© Copyright Policy
Related In: Results  -  Collection

Show All Figures
getmorefigures.php?uid=PMC2562988&req=5

pcbi-1000202-g004: The average distance between the the most frequent phenotypes and the patchiness of the visible phenotypic subspace.(A) The average Hamming distance among visible phenotypes as a function of their frequency (dots). Visible phenotypes are ranked according to their frequency level. For each rank, we calculate the average Hamming distance between all visible phenotypes with this or higher rank. The most abundant phenotypes are very similar. This similarity decreases as less frequent phenotypes are included in the analysis. We also calculate which fraction of all visible phenotypes are included in these phenotypes (solid line). The inset shows a zoom of the same plot, focusing only on the top 5% most frequent phenotypes. The phenotypes that are included in this small fraction of the distinct visible phenotypes, are, on average, only 4 bits different, and still cover 50% of the phenotypes. (B) The one mutant neighbor network of the visible phenotypes. The size of the node is proportional to the logarithm of its frequency. In this plot, r = k = 12.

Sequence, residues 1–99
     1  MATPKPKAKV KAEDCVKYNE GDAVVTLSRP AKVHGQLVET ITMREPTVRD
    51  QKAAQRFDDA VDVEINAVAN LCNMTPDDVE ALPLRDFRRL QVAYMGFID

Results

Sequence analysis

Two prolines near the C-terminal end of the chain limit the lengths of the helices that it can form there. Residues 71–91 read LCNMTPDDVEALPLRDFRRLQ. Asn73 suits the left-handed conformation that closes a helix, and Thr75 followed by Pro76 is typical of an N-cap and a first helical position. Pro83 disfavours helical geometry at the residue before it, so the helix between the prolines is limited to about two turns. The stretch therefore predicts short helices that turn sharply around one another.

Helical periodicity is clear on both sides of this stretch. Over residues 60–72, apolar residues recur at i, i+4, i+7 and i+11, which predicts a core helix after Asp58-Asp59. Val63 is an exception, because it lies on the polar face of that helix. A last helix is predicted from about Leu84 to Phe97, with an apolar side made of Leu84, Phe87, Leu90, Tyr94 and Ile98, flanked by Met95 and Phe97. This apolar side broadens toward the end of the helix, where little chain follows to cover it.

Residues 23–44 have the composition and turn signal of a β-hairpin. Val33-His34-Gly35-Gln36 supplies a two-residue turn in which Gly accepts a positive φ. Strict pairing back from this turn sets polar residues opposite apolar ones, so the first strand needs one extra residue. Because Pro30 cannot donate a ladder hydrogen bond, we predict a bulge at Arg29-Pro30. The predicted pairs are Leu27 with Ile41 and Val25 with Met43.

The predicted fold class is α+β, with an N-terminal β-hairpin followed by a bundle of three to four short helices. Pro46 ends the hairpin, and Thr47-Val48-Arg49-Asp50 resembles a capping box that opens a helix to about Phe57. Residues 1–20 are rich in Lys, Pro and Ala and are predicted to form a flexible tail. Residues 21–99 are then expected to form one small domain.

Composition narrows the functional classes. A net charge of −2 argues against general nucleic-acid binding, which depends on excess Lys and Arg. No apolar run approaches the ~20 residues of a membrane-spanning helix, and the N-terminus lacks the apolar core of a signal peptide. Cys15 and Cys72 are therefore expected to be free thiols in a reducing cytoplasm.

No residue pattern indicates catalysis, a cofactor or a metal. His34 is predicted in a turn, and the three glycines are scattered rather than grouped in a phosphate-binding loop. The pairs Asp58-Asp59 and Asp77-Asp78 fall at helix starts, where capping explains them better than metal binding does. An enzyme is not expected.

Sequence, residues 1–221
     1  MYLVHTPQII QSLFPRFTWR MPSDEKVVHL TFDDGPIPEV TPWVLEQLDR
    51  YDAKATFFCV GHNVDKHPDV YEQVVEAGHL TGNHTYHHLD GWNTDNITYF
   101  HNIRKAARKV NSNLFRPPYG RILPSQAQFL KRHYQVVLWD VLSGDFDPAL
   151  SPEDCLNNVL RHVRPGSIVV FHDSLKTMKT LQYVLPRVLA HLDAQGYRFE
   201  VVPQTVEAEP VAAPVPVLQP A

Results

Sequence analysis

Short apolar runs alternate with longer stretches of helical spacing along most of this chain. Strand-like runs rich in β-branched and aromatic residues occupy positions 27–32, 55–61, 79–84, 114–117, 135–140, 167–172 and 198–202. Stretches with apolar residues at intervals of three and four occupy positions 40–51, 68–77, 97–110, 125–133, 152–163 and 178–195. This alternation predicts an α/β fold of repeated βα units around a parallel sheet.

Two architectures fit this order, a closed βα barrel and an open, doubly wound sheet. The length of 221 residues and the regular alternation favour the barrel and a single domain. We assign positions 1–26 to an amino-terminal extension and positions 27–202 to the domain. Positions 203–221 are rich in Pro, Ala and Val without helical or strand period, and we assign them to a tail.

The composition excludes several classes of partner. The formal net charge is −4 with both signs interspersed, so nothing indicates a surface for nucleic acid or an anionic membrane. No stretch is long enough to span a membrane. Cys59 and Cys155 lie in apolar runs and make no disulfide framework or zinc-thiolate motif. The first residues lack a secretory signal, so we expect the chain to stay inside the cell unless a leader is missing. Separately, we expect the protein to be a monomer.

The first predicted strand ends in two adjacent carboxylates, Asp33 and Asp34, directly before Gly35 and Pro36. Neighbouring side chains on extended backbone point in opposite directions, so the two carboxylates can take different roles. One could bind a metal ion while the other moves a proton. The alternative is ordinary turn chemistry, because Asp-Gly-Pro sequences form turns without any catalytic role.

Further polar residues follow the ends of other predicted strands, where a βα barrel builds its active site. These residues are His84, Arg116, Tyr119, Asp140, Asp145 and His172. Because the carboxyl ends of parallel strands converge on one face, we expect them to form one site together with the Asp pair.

Mentions: To examine this observation in greater detail we measure the average Hamming distance between visible phenotypes as a function of their frequency and represent them on a frequency-rank versus distance plot. The highest ranked phenotypes are presented as the lowest rank values. As shown in Figure 4A, the distance between the most frequent phenotypes is significantly smaller than the average distance (which in this case is ∼6), and increases as more visible phenotypes (with lower frequencies) are considered. Considering the case where all the visible phenotypes are included in this analysis, the average distance is still smaller than that expected by chance. We find that the top 5% most frequent phenotypes are very similar (average Hamming distance is smaller than 4) yet cover approximately 50% of all the visible phenotypes (4A inset). An additional illustration of this patchiness can be observed in Figure 4B, plotting the one mutant-neighbor network of all the visible phenotypes. Here we observe that the nodes that represent the most frequent phenotypes tend to be separated in most cases by a single edge.